Parenting a child with ASD is associated with high aggravation; however, there is variability within health care and social support subgroups. Strategies to strengthen medical home components for children with ASDs should be considered.

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    • "Thus, research is needed to clarify the contributors to increased stress in parents of children with ASD. Evidence suggests that parents of younger children may experience higher levels of stress than parents of older children with ASD [12] [15]. In the only longitudinal study of very young children of which we are aware, parents of toddlers (aged 18–33 months) demonstrated increased depressive symptoms with many mothers continuing to report increased symptoms two years later [16]. "
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    ABSTRACT: Background:Parents of children with autism spectrum disorders (ASDs) are at risk for higher stress levels than parents of children with other developmental disabilities and typical development. Recent advances in early diagnosis have resulted in younger children being diagnosed with ASDs but factors associated with parent stress in this age group are not well understood. Aims: The present study examined parenting-related stress and psychological distress in mothers of toddlers with ASD, developmental delay without ASD (DD), and typical development. The impact of child problem behavior and daily living skills on parenting-stress and psychological distress were further investigated. Methods: Participants were part of a larger research study on early ASD intervention. Results: Parent self-report of parenting-related stress and psychological distress was utilized. Parents of toddlers with ASD demonstrated increased parenting-related stress compared with parents of toddlers with DD and typical development. However, psychological distress did not differ significantly between the groups. Child behavior problems, but not daily living skills emerged as a significant predictor of parenting-related stress and psychological distress. This was true for both mothers of children with ASD and DD. Conclusions: These finding suggest that parents' abilities to manage and reduce behavior problems is a critical target for interventions for young children with ASD and DD in order to improve child functioning and decrease parenting-related stress.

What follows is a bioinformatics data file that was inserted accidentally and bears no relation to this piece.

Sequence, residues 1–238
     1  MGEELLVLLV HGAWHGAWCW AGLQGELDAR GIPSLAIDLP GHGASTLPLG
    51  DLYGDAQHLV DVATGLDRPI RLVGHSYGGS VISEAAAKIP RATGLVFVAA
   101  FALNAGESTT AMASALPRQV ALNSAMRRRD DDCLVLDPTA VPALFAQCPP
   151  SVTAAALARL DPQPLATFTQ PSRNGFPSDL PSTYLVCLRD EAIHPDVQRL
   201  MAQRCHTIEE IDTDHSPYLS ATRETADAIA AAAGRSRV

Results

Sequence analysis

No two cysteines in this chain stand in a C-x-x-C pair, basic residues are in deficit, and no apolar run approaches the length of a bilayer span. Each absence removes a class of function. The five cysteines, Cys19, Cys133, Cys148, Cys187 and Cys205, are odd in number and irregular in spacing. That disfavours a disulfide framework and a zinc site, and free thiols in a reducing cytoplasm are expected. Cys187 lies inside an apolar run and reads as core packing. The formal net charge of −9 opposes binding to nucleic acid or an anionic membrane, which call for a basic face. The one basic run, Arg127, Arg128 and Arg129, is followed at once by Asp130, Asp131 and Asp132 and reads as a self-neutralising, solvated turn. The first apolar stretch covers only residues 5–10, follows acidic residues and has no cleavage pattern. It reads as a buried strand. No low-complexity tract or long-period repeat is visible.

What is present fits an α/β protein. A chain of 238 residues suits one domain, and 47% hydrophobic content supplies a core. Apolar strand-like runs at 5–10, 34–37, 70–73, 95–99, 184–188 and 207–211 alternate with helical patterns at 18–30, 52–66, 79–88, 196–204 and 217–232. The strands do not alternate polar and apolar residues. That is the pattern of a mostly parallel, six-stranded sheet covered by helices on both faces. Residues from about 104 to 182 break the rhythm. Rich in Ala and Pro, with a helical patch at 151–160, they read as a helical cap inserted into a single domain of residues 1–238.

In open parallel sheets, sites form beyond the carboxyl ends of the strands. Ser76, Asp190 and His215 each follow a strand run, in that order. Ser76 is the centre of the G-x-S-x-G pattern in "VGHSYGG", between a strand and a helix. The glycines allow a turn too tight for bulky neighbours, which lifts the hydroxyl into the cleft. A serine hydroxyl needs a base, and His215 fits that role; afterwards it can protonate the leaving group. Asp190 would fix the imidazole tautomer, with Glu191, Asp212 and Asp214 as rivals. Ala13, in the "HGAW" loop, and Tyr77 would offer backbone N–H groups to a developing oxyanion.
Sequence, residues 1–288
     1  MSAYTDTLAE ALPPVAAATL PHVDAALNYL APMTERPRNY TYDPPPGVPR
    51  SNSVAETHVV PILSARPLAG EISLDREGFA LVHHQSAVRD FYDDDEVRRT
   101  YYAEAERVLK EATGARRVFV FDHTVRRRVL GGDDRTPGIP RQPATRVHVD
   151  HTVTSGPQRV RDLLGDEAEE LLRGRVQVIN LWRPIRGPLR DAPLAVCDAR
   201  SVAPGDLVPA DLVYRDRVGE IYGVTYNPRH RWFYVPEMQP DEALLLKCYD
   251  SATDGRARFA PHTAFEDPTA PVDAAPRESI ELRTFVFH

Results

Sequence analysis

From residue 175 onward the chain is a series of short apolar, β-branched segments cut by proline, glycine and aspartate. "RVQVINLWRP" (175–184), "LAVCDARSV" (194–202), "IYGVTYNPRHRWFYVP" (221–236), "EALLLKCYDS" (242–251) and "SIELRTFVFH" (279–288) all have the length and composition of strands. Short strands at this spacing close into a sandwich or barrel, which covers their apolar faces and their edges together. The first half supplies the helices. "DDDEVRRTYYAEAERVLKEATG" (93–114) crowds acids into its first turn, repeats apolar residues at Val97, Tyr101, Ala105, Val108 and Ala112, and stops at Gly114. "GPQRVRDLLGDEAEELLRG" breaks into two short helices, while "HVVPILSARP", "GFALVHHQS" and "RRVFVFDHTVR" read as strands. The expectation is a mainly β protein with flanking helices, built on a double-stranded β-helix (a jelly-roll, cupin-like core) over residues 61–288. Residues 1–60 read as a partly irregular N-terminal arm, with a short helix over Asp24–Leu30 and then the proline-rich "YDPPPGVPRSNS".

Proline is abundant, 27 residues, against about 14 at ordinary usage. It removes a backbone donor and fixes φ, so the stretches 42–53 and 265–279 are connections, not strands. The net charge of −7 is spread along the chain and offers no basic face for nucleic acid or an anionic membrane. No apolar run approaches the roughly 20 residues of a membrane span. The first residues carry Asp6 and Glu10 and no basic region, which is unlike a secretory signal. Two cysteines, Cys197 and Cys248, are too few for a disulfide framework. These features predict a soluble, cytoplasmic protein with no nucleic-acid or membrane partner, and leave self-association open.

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    ABSTRACT: Background: The difficulties of children with Autism Spectrum Disorders (ASD) affect caregivers across a variety of domains. The impact of having a child with ASD appears to reverberate throughout the entire family system, and ultimately has transactional effects on the diagnosed child. Interventions for ASD do not necessarily ameliorate, and may even exacerbate, parent and family distress. Thus, comprehensive evaluation of interventions should include assessment of parent and family domains. The Program for the Education and Enrichment of Relationship Skills (PEERS; Laugeson & Frankel, 2009) is a manualized, evidence-based, social skills training intervention for adolescents with ASD. Parents participate in a concurrent, separate group designed to teach PEERS concepts to parents, generalize teen practice of skills outside of group, and troubleshoot issues with assignment completion and development of new teen friendships. Though numerous studies have suggested positive outcomes for teens following PEERS, no research has evaluated parent and family outcomes. Objectives: The purpose of this study is to understand how participation in PEERS intervention affects parents and families of teenagers with ASD in terms of parenting efficacy, parenting stress, the parent-child relationship, and family functioning. Methods: Sixteen parent-child dyads were randomly assigned to an “Experimental” (n = 8) or “Waitlist Control” (n=8) group for PEERS intervention. Parents in both groups completed the following measures at pre and post intervention: The parenting efficacy subscale of the Parenting Sense of Competency (PSOC); the Stress Index for Parents of Adolescents (SIPA), the Parenting Relationship Questionnaire (PRQ), and the Parent-Child Relationship Inventory (PCRI). Teenagers with ASD and their parents in the Experimental group then participated in 14 weeks of 1.5 hour sessions focusing on initiating and maintaining friendships. Mixed between-within subjects Analysis of Variance (ANOVA) was conducted to assess differences between groups over time. Results: Results indicated a significant interaction effect between treatment condition and time, suggesting a reduction in total parenting stress in the Experimental group in comparison to the Waitlist Control group from pre- to post-PEERS intervention, F (1,13) = 9.74, p = .008, η2 = .428. Additionally, there was a trend toward significant interaction effects between treatment condition and time for child autonomy, suggesting an increase in parent ratings of child autonomy within the Experimental group compared to the Waitlist Control group, F(1,14) = 3.47, p = .083, η2 = .199. Finally, main effects analysis indicated that parents across groups experienced a significant decrease in relational frustration, F(1,13) = 24.13, p < .001, η2 = .650, and family chaos, F(1,14) = 5.34, p = .037, η2 = .276; along with a significant increase in parenting efficacy, F (1,14) = 17.05, p = .001, η2 = .549. Conclusions: These results suggest that significant, positive changes occur in parents and families of adolescents with ASD following involvement in PEERS. Specifically, parents participating in PEERS experienced decreased parenting stress following the intervention. Further, the parent-adolescent interaction following PEERS appears to facilitate increased teen autonomy, a developmentally important trajectory. In conjunction with previous literature on PEERS, these findings highlight the comprehensive benefits of this intervention.